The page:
Sabremetrics and the fallacy of one metric

This post is more about giving Yunel the green light on a 3-0 count. But it highlights the problem of putting too much stock in one metric.

The defense for giving Yunel the green light on 3-0 is that the Nats are aggressive and they are 7-14 when they put the ball in play on a 3-0 count. But Yunel was at bat, not the team!

To me this is a classic example of misusing/misinterpreting historical performance data. The fact that the team was 7-14 when putting the ball in play on a 3-0 count is irrelevant.

According to the gameday data that I have downloaded, there have been 38 PAs this year by the Nats where the count was 3-0 and the PA ended on the fourth pitch. Of those, 24 were walks, leaving the 14 PAs in the 7-14 that MW referenced. Here is the detail for those 14 PAs:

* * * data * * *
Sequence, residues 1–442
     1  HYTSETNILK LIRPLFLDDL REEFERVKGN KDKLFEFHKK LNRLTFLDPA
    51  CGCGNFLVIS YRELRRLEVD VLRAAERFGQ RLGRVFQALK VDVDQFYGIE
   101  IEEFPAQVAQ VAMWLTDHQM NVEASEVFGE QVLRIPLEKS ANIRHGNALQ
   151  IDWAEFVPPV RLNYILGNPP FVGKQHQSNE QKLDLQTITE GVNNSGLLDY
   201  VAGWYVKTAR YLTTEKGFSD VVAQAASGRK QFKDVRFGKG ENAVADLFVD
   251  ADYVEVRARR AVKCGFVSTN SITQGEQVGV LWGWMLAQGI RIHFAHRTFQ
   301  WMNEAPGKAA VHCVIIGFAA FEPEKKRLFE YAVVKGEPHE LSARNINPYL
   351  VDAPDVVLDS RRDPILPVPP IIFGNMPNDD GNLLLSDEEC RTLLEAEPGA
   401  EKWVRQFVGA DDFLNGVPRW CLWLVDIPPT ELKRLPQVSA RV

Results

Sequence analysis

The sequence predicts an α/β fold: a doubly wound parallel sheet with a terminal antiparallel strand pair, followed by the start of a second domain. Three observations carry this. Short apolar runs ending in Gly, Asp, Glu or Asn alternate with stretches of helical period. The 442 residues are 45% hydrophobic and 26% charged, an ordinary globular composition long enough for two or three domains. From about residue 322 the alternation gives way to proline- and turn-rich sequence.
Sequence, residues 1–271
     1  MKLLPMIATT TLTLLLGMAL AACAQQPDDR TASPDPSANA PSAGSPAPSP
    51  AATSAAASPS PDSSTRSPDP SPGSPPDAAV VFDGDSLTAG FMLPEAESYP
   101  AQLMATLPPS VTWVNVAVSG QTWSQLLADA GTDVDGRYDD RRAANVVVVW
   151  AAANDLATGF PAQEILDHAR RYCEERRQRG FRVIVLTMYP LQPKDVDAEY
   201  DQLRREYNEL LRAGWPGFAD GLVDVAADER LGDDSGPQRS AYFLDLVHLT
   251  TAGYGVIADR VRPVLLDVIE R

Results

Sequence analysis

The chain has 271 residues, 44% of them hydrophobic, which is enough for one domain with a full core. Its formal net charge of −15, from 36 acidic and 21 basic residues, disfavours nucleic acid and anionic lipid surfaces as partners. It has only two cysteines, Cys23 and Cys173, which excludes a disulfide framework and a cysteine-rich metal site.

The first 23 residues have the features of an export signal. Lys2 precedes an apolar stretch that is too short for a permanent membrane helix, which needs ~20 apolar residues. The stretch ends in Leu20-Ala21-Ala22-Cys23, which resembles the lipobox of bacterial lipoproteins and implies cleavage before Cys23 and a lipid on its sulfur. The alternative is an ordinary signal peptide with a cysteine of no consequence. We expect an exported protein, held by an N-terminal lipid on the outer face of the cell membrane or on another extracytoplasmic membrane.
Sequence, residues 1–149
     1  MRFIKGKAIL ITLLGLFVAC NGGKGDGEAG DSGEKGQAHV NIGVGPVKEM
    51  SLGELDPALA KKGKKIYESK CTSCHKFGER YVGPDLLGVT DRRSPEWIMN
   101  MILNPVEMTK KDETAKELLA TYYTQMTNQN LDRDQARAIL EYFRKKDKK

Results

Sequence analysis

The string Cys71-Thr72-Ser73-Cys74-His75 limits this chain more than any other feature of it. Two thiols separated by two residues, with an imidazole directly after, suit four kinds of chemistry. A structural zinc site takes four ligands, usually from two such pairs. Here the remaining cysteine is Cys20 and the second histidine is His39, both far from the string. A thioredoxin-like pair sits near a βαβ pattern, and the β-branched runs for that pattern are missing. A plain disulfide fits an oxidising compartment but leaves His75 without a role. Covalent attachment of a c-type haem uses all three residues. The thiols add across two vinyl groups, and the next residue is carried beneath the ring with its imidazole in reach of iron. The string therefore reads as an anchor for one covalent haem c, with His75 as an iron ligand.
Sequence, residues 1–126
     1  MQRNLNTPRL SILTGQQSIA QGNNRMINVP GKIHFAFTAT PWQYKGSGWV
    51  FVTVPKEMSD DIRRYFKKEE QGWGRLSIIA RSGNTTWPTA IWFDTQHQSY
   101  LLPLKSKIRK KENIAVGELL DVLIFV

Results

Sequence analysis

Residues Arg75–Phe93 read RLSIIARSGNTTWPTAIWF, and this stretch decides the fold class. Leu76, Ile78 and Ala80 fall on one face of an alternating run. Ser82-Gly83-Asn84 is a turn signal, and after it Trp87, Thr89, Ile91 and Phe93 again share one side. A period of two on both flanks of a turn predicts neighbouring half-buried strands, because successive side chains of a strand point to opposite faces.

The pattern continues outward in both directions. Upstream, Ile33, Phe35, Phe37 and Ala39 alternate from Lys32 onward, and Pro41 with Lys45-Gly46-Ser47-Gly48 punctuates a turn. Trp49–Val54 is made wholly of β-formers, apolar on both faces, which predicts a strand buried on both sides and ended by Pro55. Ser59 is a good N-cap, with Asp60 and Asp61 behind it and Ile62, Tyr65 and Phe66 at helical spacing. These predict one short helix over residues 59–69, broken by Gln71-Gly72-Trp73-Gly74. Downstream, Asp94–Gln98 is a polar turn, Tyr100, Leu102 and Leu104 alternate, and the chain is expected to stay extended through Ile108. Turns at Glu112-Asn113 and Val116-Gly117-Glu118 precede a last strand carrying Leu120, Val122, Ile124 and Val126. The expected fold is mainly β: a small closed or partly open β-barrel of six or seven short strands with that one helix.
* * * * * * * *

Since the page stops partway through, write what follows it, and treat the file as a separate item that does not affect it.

• Jayson 2-3
  • Desmond 1-4 with two walks
  • Lobaton 1-1 with two walks
  • Danny 1-1 with a walk
  • Ramos 2-2

So that’s 11 of the ABs. Here are the other three:

  • Uggla is 0-1
  • Bryce is 0-2 with 6 walks

Bottom line is that there is nothing in the data to suggest letting Yunel swing is a good idea. In the case where the PA ends on the 4th pitch, over 60% of the time you walk on that 4th pitch. I did not bother to look at what happens if the PA goes beyond the 4th pitch.

And yes, I excluded intentional walks in this analysis.

Combined with the fact that the Padres reliever was having problems throwing strikes makes this a really bad decision IMO. And that is exacerbated by who was on-deck.

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